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Just outside Berlin lies Beelitz-Heilstätten, a sprawling hospital complex that treated tuberculosis patients in the 1950s. One of its patients was Adolf Hitler, who was treated during WWI. Abandoned after the collapse of the Soviet Union, the hospital is now dilapidated, with paint peeling off, roofs collapsing, and nature reclaiming the buildings.

Shicheng, China (The Underwater City)

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Shicheng was submerged in 1959 when the Qiandao Lake was built as a reservoir for a hydroelectric power station. It is amazingly preserved underwater and has distinct carvings and statues. The exploration of the city, a 1,400-year-old section of the Ming Dynasty with courtyards, arches, roads, and even stairs gives you a unique view of life in the city.

Salton Sea, California, USA

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The Salton Sea was once the playground of the rich and famous, studded with marinas, speedboat races, and beach bacchanals. It became a poisonous wasteland due to increasing salinity and pollution, driving companies and households away. The ruined buildings stand today, rotting piers and the skeletons of fish carpet the shores.

Plymouth, Montserrat

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In 1997, when the Soufrière Hills volcano erupted, covering Plymouth in ash and mud, the town in the Caribbean became a ghost town. A lively Montserrat capital was transformed into a modern Pompeii. Half-buried buildings and streets strewn with volcanic debris give the impression of a labyrinthine city frozen in time.

Centralia, Pennsylvania, USA

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Centralia looks as if it came out of a horror movie and is said to have inspired the “Silent Hill” movie. This once-vibrant town was abandoned after a coal mine fire started in 1962 and is still burning underground. Smoke and steam leak out from the cracks of its vacant streets; the abandoned buildings remind us of its past.

Chernobyl Exclusion Zone, Belarus

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Although Pripyat is by far the most well-known town in the Chernobyl Exclusion Zone, which covers more than 2,600 square kilometers and includes small villages and towns affected by the 1986 nuclear meltdown, wildlife now thrives in the area. This shows how nature can rebound in the absence of human interference, making it a profound place for reflection and exploration.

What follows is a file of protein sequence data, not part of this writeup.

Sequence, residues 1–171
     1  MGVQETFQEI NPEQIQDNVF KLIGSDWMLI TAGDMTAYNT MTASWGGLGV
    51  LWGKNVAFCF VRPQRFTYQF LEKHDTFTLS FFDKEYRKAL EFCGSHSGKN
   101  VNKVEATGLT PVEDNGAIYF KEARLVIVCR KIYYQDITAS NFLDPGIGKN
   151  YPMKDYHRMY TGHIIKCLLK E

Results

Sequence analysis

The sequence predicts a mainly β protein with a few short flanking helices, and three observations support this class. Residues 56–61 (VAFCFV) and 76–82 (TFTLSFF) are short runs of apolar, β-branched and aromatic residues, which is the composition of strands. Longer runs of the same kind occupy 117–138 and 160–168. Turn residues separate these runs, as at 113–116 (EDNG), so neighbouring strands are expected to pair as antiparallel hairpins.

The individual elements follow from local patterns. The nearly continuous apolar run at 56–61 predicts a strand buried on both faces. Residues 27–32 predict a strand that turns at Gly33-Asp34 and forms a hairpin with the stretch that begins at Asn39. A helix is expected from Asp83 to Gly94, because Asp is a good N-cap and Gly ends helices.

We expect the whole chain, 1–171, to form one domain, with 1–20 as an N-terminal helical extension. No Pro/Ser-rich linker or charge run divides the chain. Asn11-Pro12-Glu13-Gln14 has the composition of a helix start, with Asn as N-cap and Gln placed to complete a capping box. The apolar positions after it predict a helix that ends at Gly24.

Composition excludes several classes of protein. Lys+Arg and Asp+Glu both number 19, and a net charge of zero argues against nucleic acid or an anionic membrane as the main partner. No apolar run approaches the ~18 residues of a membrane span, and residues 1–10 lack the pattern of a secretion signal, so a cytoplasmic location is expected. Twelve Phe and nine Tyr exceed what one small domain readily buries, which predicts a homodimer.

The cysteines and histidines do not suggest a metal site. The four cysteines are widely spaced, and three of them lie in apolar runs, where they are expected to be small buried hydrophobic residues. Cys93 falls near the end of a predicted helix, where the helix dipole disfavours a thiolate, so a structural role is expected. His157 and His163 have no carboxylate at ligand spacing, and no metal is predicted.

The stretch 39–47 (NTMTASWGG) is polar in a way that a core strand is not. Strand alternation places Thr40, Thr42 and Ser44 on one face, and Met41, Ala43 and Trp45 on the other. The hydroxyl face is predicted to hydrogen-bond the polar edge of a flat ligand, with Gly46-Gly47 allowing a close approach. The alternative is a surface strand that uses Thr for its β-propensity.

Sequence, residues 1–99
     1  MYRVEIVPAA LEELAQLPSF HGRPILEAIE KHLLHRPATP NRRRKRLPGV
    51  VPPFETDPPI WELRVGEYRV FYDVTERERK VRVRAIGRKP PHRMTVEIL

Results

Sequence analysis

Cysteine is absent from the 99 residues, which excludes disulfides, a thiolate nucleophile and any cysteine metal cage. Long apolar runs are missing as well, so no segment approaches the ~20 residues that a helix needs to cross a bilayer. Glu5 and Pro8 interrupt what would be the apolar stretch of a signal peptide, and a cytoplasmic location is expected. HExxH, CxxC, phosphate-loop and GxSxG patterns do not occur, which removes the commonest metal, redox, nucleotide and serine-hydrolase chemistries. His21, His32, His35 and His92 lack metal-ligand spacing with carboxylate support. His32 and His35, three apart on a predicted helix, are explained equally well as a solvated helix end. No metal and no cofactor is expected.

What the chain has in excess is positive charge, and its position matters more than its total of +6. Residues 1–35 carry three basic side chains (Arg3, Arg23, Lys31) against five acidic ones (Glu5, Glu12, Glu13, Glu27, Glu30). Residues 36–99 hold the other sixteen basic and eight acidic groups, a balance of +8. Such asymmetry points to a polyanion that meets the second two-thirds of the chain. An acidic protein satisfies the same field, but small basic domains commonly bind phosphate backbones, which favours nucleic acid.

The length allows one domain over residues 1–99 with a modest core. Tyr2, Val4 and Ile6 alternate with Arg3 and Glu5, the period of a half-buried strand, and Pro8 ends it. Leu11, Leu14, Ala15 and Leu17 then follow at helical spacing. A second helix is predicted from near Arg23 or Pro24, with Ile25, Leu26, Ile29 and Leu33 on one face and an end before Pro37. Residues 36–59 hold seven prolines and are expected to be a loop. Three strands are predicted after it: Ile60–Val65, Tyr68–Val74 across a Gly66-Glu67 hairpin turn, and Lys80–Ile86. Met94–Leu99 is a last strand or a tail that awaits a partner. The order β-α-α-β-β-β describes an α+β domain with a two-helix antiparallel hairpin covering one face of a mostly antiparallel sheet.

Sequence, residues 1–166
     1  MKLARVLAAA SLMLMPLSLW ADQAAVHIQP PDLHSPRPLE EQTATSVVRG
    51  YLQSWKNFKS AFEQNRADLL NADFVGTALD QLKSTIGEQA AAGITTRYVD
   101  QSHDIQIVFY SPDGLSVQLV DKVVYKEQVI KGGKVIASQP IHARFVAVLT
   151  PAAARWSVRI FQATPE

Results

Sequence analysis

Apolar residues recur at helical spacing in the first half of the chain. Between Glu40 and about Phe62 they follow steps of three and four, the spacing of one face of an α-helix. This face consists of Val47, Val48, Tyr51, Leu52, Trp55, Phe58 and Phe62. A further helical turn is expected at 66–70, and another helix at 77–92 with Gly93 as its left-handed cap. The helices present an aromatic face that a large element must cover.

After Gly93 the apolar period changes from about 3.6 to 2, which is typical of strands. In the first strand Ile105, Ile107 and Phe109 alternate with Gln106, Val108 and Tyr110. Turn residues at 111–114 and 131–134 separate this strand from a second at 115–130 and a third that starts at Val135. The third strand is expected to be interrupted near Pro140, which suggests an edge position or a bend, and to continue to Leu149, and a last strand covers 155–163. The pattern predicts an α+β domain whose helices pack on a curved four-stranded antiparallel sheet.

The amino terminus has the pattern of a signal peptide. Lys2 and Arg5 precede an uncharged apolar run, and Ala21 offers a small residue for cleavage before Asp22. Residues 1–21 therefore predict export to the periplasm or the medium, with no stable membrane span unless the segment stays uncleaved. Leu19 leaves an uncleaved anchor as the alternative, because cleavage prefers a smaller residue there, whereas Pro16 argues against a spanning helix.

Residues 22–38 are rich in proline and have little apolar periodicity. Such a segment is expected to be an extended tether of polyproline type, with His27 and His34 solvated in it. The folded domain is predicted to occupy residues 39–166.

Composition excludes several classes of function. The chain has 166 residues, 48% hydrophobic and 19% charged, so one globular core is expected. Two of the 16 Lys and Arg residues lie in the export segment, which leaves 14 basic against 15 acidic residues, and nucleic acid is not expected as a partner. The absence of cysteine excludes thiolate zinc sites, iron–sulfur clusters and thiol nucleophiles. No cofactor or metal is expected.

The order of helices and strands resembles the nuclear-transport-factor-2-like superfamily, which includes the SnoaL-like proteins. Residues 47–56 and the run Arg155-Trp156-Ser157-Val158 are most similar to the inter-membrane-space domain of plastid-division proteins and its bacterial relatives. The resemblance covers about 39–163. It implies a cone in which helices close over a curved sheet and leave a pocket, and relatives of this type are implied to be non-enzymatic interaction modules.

Agdam, Azerbaijan

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Agdam used to be a vibrant city of more than 40,000 people; it was dubbed the “Hiroshima of the Caucasus.” During the Nagorno-Karabakh War in the early 1990s, Agdam was left unattended and eventually deserted. At present, the city is nothing but a vast ruin, with abandoned streets and views of structures and homes reduced to shells.

Spinalonga, Greece

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Originally a Venetian fortress, Spinalonga was later turned into a leper colony from 1903 to 1957. It was one of the last European leprosariums. With a better understanding of the disease and effective treatment, the facility was downsized and eventually abandoned. The lepers’ houses, hospitals, and churches have survived, serving as a testimony to the isolated but still somehow connected community.

Wittenoom, Australia

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Once a bustling asbestos mining settlement, Wittenoom is a dire consequence of an industrial disaster. In the 1960s, its mines were closed due to health hazards, and the town was gradually abandoned. Following the discovery of lethally dangerous residues in the form of asbestos fibers, Wittenoom was declared a contaminated area and closed to the public. 

Kennecott, Alaska, USA

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Elias National Park, Kennecott, is an abandoned mining camp that used to host a vibrant community of copper miners and their families. The city was eventually deserted in the 1930s after the ore was exhausted. Presently, you can gaze at the distant mill building barracks and even some personal belongings left as they were. 

The Maunsell Sea Forts, United Kingdom

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These eerie military forts were constructed in the Thames and Mersey estuaries during World War II to help defend the United Kingdom. After the war, they were decommissioned and left to the mercy of the sea. Today, they stand as decaying symbols of resilience, with their metal bodies slowly being claimed by the sea.

Bannerman Castle, New York, USA

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Bannerman Castle is an early 20th-century warehouse hidden as a Scottish-style castle. Built by Francis Bannerman to store his collection of military surplus, the castle was partially destroyed by an explosion in 1920 and further damaged by fire in 1969. Now stabilized but still in ruins, the castle offers tours that display its unique history and dramatic architecture.

Imber Village, United Kingdom

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Imber is a Wiltshire village that was evacuated in 1943 to use as an exercise ground for American troops during WWII. However, the villagers were never able to return, and the village was permanently abandoned. Today, Imber stands as a poignant British military training site, with the village’s original structures and subsequent military buildings creating an unusual mix of old and new.